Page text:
Comfortably sitting on a sofa at a coffee shop in downtown Beijing, 25-year-old Xu enjoys her free time sipping a cup of coffee. Sampling java beans has become one of her favorite ways to spend an afternoon during weekends.
"I like nicely furnished coffee shops. With artistic decorations, soothing music, coffee aromas and the romantic mood, they are the perfect places to go when I need to get away from work stress and the mess in life," she said.
Buying experience, not just products
Xu's preferences and lifestyle are reflective of typical white-collar workers in big Chinese cities. They are developing a taste for the black drink, and embracing a more delicate way of living represented by a growing coffee culture.
It's no wonder that Starbucks, the biggest winner in China's coffee market, opened on Wednesday its first and largest international roastery and tasting room in Shanghai.
Located in Shanghai's swankiest commercial district, Nanjing West Road, the 3,000-square-foot store combines coffee roasting, manufacturing, education and retail, and aims to stun customers with an "unparalleled experience".
"Women under thirty are moving away from buying Louis Vuitton bags to experiences. And coffee culture is a part of that," Shaun Rein, managing director of China Market Research Group told BBC.
Starbucks has sniffed the new trend long time ago, and invested heavy sums in its store design and services across China.
When asked by Chinese media years ago about the reason it charges higher fees for the same drink in China than in other countries, the company explained that Chinese customers' inclination to stay longer at their stores pushed the rental and labor costs up.
China's coffee market expanding at double-digit rates
A 2015 report by the International Coffee Organization (ICO) shows that China's coffee consumption increased by 16 percent year on year from 2004 to 2014, much faster than the world's average growth of 2 percent.
The ICO compared China's coffee consumption growth over the decade ending in 2013 with that of Japan 40 years ago, and found a similar tendency. Japan's growth momentum continued till mid-2000s when it reached over seven million bags and became the world's fourth-largest coffee consumer.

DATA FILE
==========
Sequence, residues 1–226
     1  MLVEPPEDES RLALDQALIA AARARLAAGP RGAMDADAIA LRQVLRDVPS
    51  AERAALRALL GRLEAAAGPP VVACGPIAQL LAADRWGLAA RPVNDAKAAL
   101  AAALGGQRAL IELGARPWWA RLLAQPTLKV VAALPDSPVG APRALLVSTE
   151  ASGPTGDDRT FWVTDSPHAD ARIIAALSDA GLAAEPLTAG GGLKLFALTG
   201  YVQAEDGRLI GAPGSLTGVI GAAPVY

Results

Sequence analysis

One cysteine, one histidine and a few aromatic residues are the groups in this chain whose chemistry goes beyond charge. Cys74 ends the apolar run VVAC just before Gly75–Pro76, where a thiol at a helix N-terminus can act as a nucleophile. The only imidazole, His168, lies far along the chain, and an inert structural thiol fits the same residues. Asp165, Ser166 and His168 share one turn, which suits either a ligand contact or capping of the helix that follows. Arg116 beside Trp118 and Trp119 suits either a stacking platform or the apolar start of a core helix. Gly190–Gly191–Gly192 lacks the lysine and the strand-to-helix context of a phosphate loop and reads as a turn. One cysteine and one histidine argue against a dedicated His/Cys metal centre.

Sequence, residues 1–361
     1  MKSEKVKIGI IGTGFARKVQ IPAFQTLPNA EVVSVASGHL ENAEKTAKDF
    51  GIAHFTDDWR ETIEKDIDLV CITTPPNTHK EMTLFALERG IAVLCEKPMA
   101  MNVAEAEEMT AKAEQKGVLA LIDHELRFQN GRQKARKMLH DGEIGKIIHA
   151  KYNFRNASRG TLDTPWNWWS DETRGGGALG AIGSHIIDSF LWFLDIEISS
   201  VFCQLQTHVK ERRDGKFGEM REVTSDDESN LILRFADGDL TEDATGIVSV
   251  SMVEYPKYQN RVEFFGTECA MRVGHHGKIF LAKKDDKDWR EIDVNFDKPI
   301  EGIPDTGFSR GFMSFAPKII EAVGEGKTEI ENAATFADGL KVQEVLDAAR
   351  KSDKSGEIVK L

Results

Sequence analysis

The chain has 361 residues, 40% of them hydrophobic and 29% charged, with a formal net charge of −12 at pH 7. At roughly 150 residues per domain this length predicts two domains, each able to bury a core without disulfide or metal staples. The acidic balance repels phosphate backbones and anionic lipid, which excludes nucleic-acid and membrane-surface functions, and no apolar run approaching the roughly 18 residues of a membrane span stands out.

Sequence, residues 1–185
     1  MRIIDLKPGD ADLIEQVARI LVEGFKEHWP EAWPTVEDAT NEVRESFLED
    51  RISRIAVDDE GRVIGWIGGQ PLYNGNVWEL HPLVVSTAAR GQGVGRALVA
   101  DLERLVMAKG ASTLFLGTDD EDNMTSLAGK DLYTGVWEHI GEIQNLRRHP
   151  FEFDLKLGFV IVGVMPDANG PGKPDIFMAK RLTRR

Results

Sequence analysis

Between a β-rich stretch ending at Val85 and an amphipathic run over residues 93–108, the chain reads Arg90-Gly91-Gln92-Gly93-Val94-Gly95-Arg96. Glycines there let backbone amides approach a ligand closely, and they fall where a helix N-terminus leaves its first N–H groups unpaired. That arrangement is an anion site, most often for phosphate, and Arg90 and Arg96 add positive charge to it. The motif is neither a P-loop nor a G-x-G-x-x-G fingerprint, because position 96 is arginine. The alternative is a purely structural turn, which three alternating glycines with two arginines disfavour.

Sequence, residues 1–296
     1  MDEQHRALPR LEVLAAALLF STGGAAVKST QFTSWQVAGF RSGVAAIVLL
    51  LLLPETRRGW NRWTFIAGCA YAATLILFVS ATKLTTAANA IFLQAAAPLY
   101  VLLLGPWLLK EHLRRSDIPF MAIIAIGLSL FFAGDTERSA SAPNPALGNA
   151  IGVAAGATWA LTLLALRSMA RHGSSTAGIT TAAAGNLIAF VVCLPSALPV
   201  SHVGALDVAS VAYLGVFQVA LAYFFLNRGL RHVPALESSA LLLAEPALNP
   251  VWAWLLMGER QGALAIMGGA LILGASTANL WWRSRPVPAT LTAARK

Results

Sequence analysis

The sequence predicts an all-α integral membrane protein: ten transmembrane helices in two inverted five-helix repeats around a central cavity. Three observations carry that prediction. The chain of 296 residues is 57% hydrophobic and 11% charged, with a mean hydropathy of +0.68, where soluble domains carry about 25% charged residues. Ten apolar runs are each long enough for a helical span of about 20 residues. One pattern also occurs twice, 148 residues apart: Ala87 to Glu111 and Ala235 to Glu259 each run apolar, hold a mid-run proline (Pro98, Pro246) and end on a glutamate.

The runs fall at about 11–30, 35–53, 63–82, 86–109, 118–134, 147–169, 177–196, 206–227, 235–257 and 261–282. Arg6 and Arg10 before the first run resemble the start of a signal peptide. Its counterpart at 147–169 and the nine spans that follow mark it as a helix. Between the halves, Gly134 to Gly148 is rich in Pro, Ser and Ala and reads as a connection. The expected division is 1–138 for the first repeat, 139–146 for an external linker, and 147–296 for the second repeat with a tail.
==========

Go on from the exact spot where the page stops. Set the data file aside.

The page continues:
However, an average Chinese person drinks only five cups of coffee per year, far behind the world's average of 240 cups. With China's fast urbanization and expanding middle class, many believe the market's potential is yet to be unlocked.
"China represents the most important and exciting opportunity ahead of us," said the chairman of Starbucks Howard Schultz, who expected the Chinese market to surpass that U.S.'s at some point.
Since its debut in Beijing in 1999, the company has opened about 3,000 stores in over 130 cities in China. It is targeting 2,000 more outlets in the country over the next five years.
Coffee vs tea
In a country with a long history of tea culture, the popularity of coffee and Starbucks seemed unlikely at first.
Yet the market hasn't given birth to a tea house chain giant like Starbucks, even though retail sales of tea still outweigh that of coffee by about 10 to one.
According to Zhu Danpeng, an analyst of China's food industry, consumers above the age of 45 still go to tea houses, but younger generations prefer coffee bars, which they feel are more stylish.
"Coffee shops are more modern and suits an urban life. Tea houses seem like something outdated," said Liu, who developed a love affair with coffee bars during his study time in Europe. "But I drink tea at home," he added.
Zhu also noted that most of the owners of tea houses are traditional men, who lack the business acumen and spirit to achieve something like the empire Starbucks built in the Middle Kingdom.